Designing University Courses to Promote Students’ Equity and Self Awareness
Forming a teaching environment that promotes respect and appreciation among peers while also recognizing and reducing bias and racism can be challenging. This webinar will provide information about an evidenced-based, pedagogical design that can help promote equity when teaching social science topics from a systems approach. For example, the presenter will share information about in-class activities that allow students to practice and discuss the systemic issues related to inequalities within and around families in the safety of the classroom. Using this design in their own classes, attendees will be provided with tools to (1) create and facilitate effective peer grouping, (2) promote student self-awareness into personal biases, racism, inequality, and (3) challenge students to become more competent in working with and appreciating differences in others within their own classrooms.
A brief summary of Malcolm Knowles and Abraham Maslow's work will be provided as a foundation to adult learning processes. Next, the presenter will share how to formulate and facilitate classroom community grouping and collaborative learning activities. This will include an introduction to a university classroom model called community grouping, that simulates family dynamics and sparks self-awareness into personal biases, racism, and inequality while challenging students to become more competent in working with and appreciating differences in others. Finally, an opportunity will be provided for participants to practice, apply, and share their experiences using the newly taught teaching methods.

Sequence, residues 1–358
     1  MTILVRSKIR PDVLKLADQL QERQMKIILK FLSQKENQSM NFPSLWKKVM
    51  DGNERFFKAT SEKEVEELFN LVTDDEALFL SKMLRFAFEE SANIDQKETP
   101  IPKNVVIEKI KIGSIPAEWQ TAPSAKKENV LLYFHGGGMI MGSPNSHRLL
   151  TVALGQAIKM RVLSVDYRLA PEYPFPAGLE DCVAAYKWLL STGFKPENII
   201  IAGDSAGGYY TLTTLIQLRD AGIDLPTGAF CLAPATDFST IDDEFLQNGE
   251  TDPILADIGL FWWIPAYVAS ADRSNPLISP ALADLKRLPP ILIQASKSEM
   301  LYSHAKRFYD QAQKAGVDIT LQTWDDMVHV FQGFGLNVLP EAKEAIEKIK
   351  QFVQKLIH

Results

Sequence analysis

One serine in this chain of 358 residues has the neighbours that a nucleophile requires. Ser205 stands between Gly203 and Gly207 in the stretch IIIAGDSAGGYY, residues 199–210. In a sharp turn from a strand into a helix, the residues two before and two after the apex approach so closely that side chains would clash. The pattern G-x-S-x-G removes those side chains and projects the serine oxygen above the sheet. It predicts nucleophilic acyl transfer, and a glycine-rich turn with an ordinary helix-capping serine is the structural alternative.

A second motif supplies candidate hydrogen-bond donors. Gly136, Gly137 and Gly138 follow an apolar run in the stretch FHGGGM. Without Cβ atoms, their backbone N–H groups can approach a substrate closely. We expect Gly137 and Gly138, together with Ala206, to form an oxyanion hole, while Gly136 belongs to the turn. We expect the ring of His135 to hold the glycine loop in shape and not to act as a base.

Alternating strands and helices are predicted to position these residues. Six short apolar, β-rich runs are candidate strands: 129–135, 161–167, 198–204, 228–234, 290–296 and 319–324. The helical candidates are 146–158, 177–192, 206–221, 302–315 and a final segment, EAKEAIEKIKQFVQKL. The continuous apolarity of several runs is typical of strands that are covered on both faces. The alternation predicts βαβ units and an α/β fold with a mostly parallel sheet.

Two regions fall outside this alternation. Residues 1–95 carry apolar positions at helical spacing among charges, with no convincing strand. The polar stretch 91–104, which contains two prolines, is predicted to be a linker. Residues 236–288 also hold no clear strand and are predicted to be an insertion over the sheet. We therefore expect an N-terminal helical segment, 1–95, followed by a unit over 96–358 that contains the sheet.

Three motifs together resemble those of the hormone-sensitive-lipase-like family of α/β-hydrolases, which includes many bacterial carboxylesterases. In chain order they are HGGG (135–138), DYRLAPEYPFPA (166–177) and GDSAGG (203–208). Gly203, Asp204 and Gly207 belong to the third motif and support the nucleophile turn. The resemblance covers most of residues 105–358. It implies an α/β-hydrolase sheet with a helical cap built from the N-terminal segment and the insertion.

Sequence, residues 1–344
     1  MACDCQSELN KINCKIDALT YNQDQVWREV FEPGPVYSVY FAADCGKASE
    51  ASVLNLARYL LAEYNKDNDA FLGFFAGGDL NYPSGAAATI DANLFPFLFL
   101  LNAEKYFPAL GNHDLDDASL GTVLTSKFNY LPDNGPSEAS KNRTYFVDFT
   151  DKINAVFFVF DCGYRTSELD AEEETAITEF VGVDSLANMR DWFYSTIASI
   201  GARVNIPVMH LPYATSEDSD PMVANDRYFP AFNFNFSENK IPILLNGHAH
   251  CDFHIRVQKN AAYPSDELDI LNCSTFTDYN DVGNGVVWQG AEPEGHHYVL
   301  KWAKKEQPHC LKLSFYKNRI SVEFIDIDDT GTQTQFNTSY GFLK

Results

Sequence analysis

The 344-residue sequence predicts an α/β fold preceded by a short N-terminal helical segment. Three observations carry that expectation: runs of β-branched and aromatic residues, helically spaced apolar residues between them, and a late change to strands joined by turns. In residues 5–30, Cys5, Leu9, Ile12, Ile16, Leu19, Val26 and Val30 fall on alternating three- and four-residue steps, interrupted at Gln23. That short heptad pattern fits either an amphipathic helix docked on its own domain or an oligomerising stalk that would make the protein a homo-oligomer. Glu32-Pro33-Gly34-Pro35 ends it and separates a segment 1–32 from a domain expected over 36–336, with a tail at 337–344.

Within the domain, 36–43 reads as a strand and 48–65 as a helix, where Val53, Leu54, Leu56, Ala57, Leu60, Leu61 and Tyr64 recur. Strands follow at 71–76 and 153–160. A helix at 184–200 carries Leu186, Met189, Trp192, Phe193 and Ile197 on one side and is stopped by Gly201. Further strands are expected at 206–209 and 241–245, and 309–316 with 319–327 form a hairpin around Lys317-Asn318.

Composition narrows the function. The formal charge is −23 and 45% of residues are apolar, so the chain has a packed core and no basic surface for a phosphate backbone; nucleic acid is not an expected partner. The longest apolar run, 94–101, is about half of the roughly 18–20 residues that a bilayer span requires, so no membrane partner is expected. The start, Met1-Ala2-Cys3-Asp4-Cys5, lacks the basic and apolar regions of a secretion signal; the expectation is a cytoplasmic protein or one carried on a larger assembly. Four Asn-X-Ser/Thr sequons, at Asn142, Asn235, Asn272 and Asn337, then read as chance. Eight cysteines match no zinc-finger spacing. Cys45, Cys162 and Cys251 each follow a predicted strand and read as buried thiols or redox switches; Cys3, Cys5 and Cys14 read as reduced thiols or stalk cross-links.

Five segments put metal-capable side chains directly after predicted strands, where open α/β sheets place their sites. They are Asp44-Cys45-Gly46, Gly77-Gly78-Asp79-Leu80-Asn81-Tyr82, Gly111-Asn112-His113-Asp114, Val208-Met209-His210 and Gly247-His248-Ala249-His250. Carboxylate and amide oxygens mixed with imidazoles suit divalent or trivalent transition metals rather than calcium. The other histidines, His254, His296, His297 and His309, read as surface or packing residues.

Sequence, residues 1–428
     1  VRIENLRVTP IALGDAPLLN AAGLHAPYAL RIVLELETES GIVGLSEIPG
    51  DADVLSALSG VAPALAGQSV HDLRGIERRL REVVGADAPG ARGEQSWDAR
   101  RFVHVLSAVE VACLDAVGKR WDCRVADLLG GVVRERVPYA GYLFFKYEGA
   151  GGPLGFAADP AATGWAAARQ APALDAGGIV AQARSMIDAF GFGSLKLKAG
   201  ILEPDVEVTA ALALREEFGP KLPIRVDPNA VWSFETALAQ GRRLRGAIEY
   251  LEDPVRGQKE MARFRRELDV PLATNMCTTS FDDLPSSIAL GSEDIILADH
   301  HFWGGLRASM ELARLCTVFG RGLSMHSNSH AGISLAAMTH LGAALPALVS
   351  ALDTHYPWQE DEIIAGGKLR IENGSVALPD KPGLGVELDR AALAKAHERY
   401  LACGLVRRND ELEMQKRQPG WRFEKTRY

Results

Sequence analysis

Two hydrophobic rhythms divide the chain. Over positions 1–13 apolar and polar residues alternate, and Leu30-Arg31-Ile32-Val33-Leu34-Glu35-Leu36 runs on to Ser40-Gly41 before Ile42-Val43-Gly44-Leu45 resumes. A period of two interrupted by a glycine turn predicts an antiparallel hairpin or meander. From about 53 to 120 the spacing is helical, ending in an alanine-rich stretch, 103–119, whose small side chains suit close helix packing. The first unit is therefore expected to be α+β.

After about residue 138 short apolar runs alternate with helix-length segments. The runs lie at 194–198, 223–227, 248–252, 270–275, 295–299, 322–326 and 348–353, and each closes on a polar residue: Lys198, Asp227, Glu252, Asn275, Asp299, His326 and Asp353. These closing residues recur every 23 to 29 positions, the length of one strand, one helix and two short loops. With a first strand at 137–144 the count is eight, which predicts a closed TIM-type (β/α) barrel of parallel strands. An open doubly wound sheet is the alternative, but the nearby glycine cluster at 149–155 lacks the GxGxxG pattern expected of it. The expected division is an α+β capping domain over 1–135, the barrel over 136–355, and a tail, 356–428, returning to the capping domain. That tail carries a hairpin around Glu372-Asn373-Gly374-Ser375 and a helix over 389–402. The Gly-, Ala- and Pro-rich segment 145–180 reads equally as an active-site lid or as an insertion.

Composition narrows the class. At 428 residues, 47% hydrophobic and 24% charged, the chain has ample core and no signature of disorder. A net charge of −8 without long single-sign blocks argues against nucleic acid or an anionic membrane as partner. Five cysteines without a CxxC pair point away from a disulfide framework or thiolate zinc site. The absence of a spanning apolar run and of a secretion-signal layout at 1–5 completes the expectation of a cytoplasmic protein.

By the end of this webinar, attendees will be able to:
- Establish diverse peer groups in university classrooms to simulate the emotional elements of family systems;
- Develop classroom activities that promote equity and self-awareness among students; and
- Foster student self-awareness of personal biases, racism, and inequality.
Approved for 1.0 hour of CFLE continuing education credit.
About the Presenter
Julie K. Nelson, M.A., CFLE, is an assistant professor and supervisor of Family Science students' community and international practicum. She has designed five university courses at Utah Valley University, two that carry a service-learning designation and one with a global/intercultural designation. She is trained in team-based learning and is a Senior Fellow in the Higher Education Academy. She directs the university-led Family Life Education internship, "The Stronger Families Project" (see www.uvu.edu/sfp).
On-Demand Webinar Recording
Unable to attend the live webinar? Your registration will grant you access to watch the recording at your convenience.
Webinars are a great resource to use in the classroom. Classroom and departmental use licenses allow faculty members to share the video in class or embed the video in their online learning management system. Departmental use licenses allow more than on faculty member to use the webinar in their class. We request that links or downloads are not shared with students.
License for classroom use by one professor is available for $134 for NCFR members, $204 for nonmembers.
License for departmental use (multiple professors) is available for $184 for NCFR members, $324 for nonmembers.
Departmental license for CFLE-approved programs is $159.